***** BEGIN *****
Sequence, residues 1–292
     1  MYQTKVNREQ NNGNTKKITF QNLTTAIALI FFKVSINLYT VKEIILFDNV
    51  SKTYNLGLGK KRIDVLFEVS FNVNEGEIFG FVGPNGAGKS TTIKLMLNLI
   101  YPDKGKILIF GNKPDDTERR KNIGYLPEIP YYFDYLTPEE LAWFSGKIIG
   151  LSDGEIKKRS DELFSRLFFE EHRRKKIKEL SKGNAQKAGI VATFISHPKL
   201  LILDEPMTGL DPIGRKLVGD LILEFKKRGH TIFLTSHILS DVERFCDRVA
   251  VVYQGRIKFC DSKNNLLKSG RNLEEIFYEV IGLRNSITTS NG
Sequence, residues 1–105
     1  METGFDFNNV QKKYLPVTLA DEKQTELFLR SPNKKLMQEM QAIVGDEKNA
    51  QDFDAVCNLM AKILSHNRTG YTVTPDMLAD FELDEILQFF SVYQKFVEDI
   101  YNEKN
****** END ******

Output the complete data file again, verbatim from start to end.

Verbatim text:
Sequence, residues 1–292
     1  MYQTKVNREQ NNGNTKKITF QNLTTAIALI FFKVSINLYT VKEIILFDNV
    51  SKTYNLGLGK KRIDVLFEVS FNVNEGEIFG FVGPNGAGKS TTIKLMLNLI
   101  YPDKGKILIF GNKPDDTERR KNIGYLPEIP YYFDYLTPEE LAWFSGKIIG
   151  LSDGEIKKRS DELFSRLFFE EHRRKKIKEL SKGNAQKAGI VATFISHPKL
   201  LILDEPMTGL DPIGRKLVGD LILEFKKRGH TIFLTSHILS DVERFCDRVA
   251  VVYQGRIKFC DSKNNLLKSG RNLEEIFYEV IGLRNSITTS NG
Sequence, residues 1–105
     1  METGFDFNNV QKKYLPVTLA DEKQTELFLR SPNKKLMQEM QAIVGDEKNA
    51  QDFDAVCNLM AKILSHNRTG YTVTPDMLAD FELDEILQFF SVYQKFVEDI
   101  YNEKN